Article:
In the first and second parts of this post, I described what makes a REST service different from a SOAP service and how to use WCF to create one. In this post, we’ll look at what a REST client may look like and add some security around the service.
In most line-of-business services, some sort of security system is usually required to prevent unauthorized access to the service’s data. One of the easiest ways to accomplish this is to use the ASP.NET Membership Provider and its associated services. In our example, I’ll be using the NuGet package called “ErikEJ.SqlCeMembership" to quickly create a database of users; without a full SQL Server instance. Once the NuGet package is installed, build the project and navigate to Project > ASP.NET Configuration to setup your users. Make sure to create at least one group and one user. I’ve called my group “Users” and my user, “user1.”
In the first part of this post, I discussed REST and how it compares to SOAP-based services. In this part, we’ll figure out how to create a REST service with WCF and what it takes to start thinking in a “RESTful” way when designing a REST service.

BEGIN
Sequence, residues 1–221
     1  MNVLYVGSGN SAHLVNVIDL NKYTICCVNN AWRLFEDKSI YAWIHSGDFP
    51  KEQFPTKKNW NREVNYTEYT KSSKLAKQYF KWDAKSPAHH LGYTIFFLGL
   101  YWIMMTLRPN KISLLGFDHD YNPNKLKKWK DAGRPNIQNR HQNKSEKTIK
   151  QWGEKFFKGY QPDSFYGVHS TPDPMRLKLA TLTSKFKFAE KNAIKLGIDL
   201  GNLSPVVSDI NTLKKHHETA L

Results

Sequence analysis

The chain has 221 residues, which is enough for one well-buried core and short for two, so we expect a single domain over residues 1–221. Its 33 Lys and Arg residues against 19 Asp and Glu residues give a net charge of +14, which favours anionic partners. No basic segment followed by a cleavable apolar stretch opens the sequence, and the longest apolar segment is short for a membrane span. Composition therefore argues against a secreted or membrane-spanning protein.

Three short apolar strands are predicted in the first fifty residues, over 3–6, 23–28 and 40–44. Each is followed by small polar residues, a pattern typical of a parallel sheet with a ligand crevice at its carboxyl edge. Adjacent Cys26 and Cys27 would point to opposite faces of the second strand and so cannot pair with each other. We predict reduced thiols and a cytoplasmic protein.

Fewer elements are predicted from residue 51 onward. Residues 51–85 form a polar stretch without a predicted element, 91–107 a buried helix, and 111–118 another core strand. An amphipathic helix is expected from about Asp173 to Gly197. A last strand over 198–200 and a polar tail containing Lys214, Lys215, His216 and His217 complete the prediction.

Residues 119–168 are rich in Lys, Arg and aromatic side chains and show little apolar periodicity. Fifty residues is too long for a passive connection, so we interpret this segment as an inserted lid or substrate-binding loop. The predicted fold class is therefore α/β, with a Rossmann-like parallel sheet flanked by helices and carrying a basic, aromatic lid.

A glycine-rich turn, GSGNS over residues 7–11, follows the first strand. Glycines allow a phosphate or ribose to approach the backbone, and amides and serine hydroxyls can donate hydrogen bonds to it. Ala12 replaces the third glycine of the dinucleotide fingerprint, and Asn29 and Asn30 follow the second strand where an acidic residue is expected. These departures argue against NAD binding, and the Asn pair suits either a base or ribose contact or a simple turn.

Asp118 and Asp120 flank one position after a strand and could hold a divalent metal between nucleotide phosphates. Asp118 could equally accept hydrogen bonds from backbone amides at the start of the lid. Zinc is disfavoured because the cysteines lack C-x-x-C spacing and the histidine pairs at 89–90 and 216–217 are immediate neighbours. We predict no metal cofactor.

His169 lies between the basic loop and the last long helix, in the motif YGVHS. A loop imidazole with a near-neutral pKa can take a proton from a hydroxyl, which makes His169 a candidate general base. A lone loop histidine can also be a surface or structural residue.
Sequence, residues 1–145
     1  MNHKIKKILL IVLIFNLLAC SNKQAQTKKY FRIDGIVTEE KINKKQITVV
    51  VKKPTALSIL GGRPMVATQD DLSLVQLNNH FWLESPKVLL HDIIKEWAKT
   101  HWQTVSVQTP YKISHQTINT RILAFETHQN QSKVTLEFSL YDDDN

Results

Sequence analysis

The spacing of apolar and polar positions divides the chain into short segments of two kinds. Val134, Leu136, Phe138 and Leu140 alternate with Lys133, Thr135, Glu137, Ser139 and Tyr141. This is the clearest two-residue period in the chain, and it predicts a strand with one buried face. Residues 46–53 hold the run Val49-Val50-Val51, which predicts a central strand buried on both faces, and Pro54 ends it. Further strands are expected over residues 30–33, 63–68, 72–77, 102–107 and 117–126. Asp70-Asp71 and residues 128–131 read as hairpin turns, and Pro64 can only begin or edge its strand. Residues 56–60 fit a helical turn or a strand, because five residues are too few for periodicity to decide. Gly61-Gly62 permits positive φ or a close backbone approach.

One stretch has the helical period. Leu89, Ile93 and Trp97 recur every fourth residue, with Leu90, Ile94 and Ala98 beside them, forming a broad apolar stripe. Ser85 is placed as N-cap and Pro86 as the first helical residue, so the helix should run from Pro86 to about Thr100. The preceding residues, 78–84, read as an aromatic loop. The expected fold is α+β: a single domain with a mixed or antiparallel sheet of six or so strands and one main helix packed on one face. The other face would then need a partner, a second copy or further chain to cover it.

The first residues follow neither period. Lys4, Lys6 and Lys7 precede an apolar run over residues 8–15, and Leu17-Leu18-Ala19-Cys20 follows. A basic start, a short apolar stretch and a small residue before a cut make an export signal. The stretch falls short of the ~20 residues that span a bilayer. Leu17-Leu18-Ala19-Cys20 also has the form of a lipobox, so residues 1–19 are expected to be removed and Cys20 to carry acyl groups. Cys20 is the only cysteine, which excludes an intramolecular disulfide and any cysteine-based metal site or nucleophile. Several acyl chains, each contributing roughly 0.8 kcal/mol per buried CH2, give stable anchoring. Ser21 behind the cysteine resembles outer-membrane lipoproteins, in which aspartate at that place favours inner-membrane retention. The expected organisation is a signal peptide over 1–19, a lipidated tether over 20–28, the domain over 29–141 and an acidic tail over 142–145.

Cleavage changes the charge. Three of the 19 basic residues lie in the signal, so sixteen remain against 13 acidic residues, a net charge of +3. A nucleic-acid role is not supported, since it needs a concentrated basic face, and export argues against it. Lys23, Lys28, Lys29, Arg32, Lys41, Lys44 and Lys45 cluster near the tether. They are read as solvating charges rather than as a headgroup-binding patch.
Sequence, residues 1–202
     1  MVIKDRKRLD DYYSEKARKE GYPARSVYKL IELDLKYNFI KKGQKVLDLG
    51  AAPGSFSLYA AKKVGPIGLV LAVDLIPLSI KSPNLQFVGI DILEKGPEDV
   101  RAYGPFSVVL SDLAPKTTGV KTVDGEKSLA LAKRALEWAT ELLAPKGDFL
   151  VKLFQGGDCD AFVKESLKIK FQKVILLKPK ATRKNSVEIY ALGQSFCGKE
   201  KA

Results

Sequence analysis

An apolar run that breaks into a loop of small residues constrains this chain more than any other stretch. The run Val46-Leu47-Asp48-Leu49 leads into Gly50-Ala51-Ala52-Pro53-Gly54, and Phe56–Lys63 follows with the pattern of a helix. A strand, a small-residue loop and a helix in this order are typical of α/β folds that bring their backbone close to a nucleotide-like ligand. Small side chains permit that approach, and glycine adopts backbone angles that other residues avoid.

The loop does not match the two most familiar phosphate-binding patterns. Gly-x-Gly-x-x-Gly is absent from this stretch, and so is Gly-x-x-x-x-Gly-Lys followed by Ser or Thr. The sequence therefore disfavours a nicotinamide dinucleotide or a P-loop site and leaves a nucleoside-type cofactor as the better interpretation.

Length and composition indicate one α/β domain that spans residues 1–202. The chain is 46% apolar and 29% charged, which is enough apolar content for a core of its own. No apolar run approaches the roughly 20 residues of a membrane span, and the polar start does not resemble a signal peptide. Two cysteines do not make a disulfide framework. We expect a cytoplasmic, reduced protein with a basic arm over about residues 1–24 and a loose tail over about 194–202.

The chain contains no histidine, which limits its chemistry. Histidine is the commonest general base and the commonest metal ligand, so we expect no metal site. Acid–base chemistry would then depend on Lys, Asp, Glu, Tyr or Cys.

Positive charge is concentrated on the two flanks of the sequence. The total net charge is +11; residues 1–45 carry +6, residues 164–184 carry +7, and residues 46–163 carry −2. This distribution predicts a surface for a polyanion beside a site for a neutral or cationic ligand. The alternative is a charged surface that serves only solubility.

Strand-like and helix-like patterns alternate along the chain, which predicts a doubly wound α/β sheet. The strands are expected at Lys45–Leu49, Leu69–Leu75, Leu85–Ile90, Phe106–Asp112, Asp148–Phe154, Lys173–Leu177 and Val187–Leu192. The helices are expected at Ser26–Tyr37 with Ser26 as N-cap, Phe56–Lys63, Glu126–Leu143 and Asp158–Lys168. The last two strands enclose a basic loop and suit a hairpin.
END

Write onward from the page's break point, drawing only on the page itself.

REST services are the new “hotness.” All of the cool kids are doing them. I (not that cool of a kid) feel as though I’ve been left behind -- holding onto my SOAP messages like an old curmudgeon holding on to his last dollar. After all, SOAP-based services have served me well; all the way back to the .ASMX days. So, I’m the first to admit that traditional (SOAP-based) web services still have a place. They are extraordinarily easy to use, nowadays, because the tooling around them is so polished. On top of that, I can’t think of a platform that doesn’t support them, today.
Last night at the Lincoln .NET User’s Group, we had our second laptop meeting. A few people brought some code, a dev tip, or a fully working program to demo. I choose to show my "100 Line Web Server" I created to perform some unit testing on an app that was HTTP-centric, lately.
So, here is the entire program. I hope it’s useful to some and at least interesting to most.
An example message that I saw coming back from the application looked like this: